With so many pressures to create a public persona, live out an identity, find and hold a job -- not to mention form a family one day with the right partner -- living our Catholic faith, rooted in and centered on our Lord and Savior Jesus Christ, can attract young seekers as powerfully it has throughout the centuries.

It will make them disciples and saints.

Speaking of identities and the "selfie" culture luring us into false and fading identities, do you remember how Pope Francis self-identified? When asked, at the start of his papacy, how he would describe who he was as Jorge Bergoglio, the man, he said the only thing he was sure of about himself is that "I am a sinner!"

That tells me Pope Francis remains young in heart and spirit. Hoping his life's mission is far from over, he knows he still needs time if he is to become the saint that he, like all of us, is called to be.

Those of us who are getting on in years, like me, should be grateful to God for having such mercy in giving us precious time to let His grace do its work!

The Church is really never "old," because God is always new and ready to take hold of our lives if we, as Mother Teresa says, "give God permission." Young folks are ready for that right now. Are we willing to channel them in the direction to become saints, accompanying them toward lives of virtue, even as we stand in need of God's generous grace and mercy ourselves?

Think of how many of our greatest saints were so young when they heard a call that changed not only their lives, but the thousands they still inspire:

•  St. Francis of Assisi was barely 20 when, almost a millennium ago, he lost his taste for a mediocre life of fortune and self-satisfaction. Doted on by his parents and known to love a good party, over a three- or four-year period of soul-searching when he questioned his life's purpose and underwent a profound conversion, he found God's call in serving the poorest of the poor, as a poor man among them.

•  St. Thérèse of Lisieux, the "Little Flower," a child of devout parents and a country girl of humble origins, is now proclaimed a Doctor of the Church. She died at the age of 24, the same age at which young Italian social activist Blessed Pier Giorgio Frassati died of polio. St. Thérèse once said, "I want to spend my eternity doing good on earth." Both of these saintly young people continue doing that, as the uncorrupted state of their bodies seems to attest. Where did they get their virtues and spiritual powers, which still burn today in the passions they inspire?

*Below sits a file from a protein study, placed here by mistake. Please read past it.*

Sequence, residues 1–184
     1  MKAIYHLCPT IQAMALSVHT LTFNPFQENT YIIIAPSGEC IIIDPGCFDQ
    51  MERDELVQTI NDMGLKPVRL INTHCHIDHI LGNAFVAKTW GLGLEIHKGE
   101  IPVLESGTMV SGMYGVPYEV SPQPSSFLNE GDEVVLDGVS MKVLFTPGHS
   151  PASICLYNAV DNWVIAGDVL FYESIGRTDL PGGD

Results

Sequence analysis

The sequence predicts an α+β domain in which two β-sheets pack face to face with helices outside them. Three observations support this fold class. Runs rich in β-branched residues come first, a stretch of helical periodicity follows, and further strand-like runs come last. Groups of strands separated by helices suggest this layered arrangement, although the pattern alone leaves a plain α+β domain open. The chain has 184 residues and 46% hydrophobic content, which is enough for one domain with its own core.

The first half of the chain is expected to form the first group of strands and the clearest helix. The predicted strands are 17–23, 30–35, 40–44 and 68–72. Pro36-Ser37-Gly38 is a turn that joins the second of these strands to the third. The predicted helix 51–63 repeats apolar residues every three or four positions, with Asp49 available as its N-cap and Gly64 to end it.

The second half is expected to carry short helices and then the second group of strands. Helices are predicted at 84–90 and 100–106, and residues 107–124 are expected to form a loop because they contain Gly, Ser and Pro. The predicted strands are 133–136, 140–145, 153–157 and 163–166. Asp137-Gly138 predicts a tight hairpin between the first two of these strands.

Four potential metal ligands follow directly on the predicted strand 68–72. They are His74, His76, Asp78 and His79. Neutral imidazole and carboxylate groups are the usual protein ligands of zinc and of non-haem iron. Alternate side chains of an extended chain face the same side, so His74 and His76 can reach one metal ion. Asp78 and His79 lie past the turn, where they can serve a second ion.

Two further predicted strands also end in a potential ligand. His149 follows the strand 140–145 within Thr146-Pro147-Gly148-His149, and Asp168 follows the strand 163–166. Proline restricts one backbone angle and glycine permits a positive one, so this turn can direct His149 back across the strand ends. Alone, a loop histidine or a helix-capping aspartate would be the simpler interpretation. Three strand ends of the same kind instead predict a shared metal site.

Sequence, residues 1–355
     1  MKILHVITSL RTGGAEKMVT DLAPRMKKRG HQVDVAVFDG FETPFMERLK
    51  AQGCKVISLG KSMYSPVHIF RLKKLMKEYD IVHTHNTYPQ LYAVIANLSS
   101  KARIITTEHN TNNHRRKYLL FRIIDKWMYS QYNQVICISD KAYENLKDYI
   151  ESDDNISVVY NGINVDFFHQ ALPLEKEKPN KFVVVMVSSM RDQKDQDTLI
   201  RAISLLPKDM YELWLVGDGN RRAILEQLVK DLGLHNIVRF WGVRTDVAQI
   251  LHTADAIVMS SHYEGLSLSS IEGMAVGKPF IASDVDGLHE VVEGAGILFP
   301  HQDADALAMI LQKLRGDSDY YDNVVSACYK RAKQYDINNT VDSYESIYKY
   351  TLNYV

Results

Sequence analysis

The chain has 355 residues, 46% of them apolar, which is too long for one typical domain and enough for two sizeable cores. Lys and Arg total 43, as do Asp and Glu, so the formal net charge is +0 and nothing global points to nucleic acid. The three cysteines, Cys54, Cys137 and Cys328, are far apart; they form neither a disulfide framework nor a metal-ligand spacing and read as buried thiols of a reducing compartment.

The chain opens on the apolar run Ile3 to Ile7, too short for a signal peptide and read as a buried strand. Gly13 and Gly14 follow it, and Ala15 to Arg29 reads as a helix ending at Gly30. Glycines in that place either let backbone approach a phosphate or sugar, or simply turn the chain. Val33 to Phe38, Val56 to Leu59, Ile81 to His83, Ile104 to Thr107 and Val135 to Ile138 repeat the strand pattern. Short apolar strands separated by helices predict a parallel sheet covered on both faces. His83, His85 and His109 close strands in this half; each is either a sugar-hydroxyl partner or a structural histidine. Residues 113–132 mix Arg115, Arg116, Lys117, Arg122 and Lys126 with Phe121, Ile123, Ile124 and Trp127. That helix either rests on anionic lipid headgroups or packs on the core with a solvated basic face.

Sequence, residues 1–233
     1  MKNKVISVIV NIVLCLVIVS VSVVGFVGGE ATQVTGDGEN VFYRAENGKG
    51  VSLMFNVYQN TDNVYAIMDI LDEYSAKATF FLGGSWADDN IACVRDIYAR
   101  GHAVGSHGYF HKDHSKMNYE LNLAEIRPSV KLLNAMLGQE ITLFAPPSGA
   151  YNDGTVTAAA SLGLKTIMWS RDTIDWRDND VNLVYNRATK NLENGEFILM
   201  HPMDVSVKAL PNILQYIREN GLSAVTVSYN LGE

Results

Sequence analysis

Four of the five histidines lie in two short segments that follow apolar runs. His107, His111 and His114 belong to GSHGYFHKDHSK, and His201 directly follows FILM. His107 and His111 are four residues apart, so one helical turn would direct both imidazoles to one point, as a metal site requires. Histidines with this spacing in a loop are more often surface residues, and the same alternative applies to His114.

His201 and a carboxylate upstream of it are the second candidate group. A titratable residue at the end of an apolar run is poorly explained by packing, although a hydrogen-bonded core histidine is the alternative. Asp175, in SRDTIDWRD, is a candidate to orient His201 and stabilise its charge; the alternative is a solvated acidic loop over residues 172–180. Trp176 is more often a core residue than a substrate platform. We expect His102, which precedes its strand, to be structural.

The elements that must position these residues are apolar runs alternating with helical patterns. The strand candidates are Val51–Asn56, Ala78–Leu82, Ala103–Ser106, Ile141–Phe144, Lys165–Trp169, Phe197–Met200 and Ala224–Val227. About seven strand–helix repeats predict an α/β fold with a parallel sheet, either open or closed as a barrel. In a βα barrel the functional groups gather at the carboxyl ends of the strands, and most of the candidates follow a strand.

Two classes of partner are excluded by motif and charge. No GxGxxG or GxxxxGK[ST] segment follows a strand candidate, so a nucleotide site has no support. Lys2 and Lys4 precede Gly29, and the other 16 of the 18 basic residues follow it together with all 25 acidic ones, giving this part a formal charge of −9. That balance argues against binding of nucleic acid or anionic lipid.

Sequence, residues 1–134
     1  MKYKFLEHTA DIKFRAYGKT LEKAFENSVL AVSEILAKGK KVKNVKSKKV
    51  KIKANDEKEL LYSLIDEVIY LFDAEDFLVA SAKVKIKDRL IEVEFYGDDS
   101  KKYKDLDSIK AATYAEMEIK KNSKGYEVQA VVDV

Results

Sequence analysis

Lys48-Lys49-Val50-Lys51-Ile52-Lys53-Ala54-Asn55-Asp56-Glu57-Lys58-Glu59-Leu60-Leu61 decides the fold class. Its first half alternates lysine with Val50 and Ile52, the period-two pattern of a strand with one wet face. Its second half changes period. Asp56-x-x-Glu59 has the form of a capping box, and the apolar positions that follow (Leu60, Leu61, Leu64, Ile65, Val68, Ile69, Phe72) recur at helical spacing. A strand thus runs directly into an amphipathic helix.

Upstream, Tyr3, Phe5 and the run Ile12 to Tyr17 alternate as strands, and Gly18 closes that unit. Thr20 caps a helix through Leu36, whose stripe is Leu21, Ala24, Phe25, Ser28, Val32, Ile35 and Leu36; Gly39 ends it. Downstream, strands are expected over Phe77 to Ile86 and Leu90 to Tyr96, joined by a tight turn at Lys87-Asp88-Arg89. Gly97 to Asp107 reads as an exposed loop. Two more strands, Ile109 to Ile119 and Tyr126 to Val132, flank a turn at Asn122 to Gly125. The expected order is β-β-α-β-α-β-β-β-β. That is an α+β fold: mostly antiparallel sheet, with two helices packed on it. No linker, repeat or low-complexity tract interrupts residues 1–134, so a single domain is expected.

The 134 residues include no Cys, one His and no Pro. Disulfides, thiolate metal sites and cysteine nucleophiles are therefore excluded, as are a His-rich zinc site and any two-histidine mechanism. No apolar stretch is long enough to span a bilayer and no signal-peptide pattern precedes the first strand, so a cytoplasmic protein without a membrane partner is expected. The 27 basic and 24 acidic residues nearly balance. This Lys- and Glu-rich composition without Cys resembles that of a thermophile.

•  Let's not forget our own St. Kateri Tekakwitha, a native New Yorker known as the "Lily of the Mohawks." She also died at the age of 24, having converted to the faith five years earlier. If you're looking for a model and intercessor to guide you in living a virtuous life that may be countercultural, she's your patron saint! Miracles and supernatural events continue to be attributed to her. You or someone you know may be witness to one of them!

•  Some saints died even younger. St. Maria Goretti, 11, was stabbed 14 times by a farmhand known to her family who had made advances toward her. He later repented and attended her canonization in 1950. He died peacefully, 20 years after that, as a lay brother in a monastery.

Who says that anyone is too young or old to be a saint, or that God doesn't wait for sinners? What if spreading our faith or even achieving your own salvation hangs on your accompanying a future saint in your family and your parish today?

Maybe that's your call to sanctity!

(Follow the Bishop at www.facebook.com/AlbanyBishopEd and on Twitter @AlbBishopEd.)